Staggering number of snares emptying forests in Southeast Asia


High-risk trade in wildlife meat threatens ecosystems and risks exposure to zoonotic diseases

A snaring crisis is decimating wildlife in Southeast Asia and increasing the risk of zoonotic disease transmission to humans, warns a new report from WWF that estimates for the first time the number of snares in the protected areas of several countries in the region.

An estimated 12.3 million snares threaten wildlife in the protected areas of Cambodia, Lao PDR, and Viet Nam - a group of countries that are at the centre of the regional snaring crisis, according to the report Silence of the Snares: Southeast Asia’s Snaring Crisis.

These rudimentary traps, often made from wire or cable, increase close contact between humans and wildlife and the likelihood of zoonotic disease spillover. In fact, researchers have identified many of the animals targeted by snaring, including wild pig, palm civets, and pangolins, as among the highest risk for zoonotic disease transmission.

A sun bear found caught in a snare in the Belum-Temengor Forest Complex, Malaysia. Personnel from the Department of Wildlife and National Parks subsequently rescued the bear, which was released into the same area after being rehabilitated.

“‘Indiscriminately killing and maiming, snares are wiping out the region’s wildlife, from tigers and elephants to pangolins and palm civets, and emptying its forests. These species don’t stand a chance unless Southeast Asian governments urgently tackle the snaring crisis,” said Stuart Chapman, Lead of the WWF Tigers Alive Initiative.

Snares are also the principal threat to tigers in the region - and a major contributor to the fact they are now presumed extinct in Cambodia, Lao PDR and Viet Nam. Without strong action, a snaring driven extinction wave could break across Asia.

Driven in large part by the demand in urban areas for wildlife meat, often seen as a delicacy, snares impact more than 700 of the region’s terrestrial mammal species, including some of the region’s most threatened species, such as the Asian elephant, tiger, saola, and banteng. Snares indiscriminately kill and maim - animals can sometimes languish for days or weeks before dying from their injuries, and in the rare case an animal escapes, it will often later die from injury or infection.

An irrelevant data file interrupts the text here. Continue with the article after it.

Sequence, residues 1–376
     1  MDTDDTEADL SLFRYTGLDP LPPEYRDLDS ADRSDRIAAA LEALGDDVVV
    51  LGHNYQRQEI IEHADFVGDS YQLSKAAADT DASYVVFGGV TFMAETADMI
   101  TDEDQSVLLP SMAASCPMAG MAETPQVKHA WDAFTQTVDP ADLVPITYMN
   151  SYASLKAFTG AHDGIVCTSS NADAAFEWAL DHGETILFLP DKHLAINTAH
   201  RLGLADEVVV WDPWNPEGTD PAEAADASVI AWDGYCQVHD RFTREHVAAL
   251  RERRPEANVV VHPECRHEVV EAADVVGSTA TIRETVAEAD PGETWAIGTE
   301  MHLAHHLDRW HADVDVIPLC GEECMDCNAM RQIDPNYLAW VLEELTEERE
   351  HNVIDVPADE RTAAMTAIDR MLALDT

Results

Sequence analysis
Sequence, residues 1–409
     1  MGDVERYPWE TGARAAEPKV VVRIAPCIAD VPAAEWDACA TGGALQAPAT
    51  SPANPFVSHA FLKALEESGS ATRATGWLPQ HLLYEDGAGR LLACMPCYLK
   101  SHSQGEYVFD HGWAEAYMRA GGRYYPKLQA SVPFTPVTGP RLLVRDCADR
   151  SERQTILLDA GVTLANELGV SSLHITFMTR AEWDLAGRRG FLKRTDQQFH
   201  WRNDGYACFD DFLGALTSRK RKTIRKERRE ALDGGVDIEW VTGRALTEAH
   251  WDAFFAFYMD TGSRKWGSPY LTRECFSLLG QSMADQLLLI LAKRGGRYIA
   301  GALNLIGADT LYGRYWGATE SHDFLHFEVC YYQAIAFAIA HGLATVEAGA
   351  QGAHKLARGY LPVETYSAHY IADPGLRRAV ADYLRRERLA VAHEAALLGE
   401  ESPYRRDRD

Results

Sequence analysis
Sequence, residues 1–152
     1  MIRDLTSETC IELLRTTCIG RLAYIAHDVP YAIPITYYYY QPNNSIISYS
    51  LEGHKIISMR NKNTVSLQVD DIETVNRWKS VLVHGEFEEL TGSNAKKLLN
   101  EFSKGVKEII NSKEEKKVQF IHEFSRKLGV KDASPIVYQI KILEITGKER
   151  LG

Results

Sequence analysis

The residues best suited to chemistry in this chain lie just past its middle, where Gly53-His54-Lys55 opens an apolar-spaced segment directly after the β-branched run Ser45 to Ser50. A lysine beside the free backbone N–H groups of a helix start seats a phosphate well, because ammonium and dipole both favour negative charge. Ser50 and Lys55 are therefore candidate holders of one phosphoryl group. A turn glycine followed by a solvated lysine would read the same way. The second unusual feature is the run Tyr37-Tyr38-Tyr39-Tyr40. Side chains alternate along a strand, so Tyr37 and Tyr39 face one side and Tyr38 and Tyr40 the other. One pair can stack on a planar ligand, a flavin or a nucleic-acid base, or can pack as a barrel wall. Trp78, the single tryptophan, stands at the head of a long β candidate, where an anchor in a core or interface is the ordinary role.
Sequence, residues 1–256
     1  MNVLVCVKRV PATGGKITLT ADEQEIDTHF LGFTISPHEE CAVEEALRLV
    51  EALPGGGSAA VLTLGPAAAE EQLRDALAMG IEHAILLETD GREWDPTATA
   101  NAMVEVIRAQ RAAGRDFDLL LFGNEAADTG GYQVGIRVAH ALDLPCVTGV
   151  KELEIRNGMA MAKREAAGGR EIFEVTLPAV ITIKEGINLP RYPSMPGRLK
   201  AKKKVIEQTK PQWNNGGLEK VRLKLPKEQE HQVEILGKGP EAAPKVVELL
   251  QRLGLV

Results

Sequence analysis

A snared tiger being rescued by personnel from the Department of Wildlife and National Parks. It was discovered by one of WWF-Malaysia's patrol teams in a snare set by local poachers in the Belum-Temengor Forest Complex, Malaysia.

One of Southeast Asia’s most important remaining tiger landscapes, Belum-Temengor in Malaysia, experienced a 50 per cent decline in tiger numbers from 2009-2018 largely due to widespread snaring.

“Simply removing snares is not enough. Governments in Southeast Asia must improve national law enforcement and strengthen legislation to act as an effective deterrent against snaring, as well as engaging indigenous peoples and local communities as partners to stop this threat,” said Ms. Sophia Lim, Executive Director / CEO at WWF-Malaysia.

A snared barking deer discovered in Royal Belum State Park, Malaysia. The snare was suspected to have been set by Vietnamese poachers.

Urgent action is needed to address this threat to wildlife, ecosystems and public health. Governments must also prevent the purchase, sale, transport and consumption of wildlife species which are of high risk for zoonotic disease transmission, including most of the ungulates and carnivores that are major targets for snaring. For these measures to be successful, the region will also need to invest more in the management of its protected areas.

One of the snares set and used by local poachers who snared a tiger back in 2009, in the Belum-Temengor Forest Complex, Malaysia.

About WWF-Malaysia
WWF-Malaysia (World Wide Fund for Nature-Malaysia) was established in Malaysia in 1972. It currently runs more than 90 projects covering a diverse range of environmental conservation and protection work, from saving endangered species such as tigers and turtles, to protecting our highland forests, rivers and seas. The national conservation organisation also undertakes environmental education and advocacy work to achieve its conservation goals. Its mission is to stop the degradation of the earth’s natural environment and to build a future in which humans live in harmony with nature, by conserving the nation’s biological diversity, ensuring that the use of renewable natural resources is sustainable, and promoting the reduction of pollution and wasteful consumption. For latest news and media resources, visit

All images:
COPYRIGHT CREDIT WWF-Malaysia/Lau Ching Fong